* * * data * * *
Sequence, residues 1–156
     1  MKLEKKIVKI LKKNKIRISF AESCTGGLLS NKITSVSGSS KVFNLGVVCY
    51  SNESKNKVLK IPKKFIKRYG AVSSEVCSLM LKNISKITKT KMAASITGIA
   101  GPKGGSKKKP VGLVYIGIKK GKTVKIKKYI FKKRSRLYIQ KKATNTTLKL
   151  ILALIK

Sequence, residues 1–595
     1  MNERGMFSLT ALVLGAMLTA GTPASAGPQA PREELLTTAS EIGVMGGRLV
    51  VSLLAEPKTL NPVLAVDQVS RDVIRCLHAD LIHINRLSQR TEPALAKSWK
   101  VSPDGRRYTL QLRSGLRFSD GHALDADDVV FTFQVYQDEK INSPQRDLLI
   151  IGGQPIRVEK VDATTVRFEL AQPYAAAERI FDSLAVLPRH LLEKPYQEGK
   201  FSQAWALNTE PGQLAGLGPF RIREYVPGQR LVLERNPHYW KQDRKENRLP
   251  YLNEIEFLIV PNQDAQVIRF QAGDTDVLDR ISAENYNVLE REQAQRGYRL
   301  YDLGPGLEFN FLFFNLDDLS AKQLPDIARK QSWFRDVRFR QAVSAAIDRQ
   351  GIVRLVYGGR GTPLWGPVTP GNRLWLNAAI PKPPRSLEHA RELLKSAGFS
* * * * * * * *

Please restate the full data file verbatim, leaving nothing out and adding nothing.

Sequence, residues 1–156
     1  MKLEKKIVKI LKKNKIRISF AESCTGGLLS NKITSVSGSS KVFNLGVVCY
    51  SNESKNKVLK IPKKFIKRYG AVSSEVCSLM LKNISKITKT KMAASITGIA
   101  GPKGGSKKKP VGLVYIGIKK GKTVKIKKYI FKKRSRLYIQ KKATNTTLKL
   151  ILALIK

Sequence, residues 1–595
     1  MNERGMFSLT ALVLGAMLTA GTPASAGPQA PREELLTTAS EIGVMGGRLV
    51  VSLLAEPKTL NPVLAVDQVS RDVIRCLHAD LIHINRLSQR TEPALAKSWK
   101  VSPDGRRYTL QLRSGLRFSD GHALDADDVV FTFQVYQDEK INSPQRDLLI
   151  IGGQPIRVEK VDATTVRFEL AQPYAAAERI FDSLAVLPRH LLEKPYQEGK
   201  FSQAWALNTE PGQLAGLGPF RIREYVPGQR LVLERNPHYW KQDRKENRLP
   251  YLNEIEFLIV PNQDAQVIRF QAGDTDVLDR ISAENYNVLE REQAQRGYRL
   301  YDLGPGLEFN FLFFNLDDLS AKQLPDIARK QSWFRDVRFR QAVSAAIDRQ
   351  GIVRLVYGGR GTPLWGPVTP GNRLWLNAAI PKPPRSLEHA RELLKSAGFS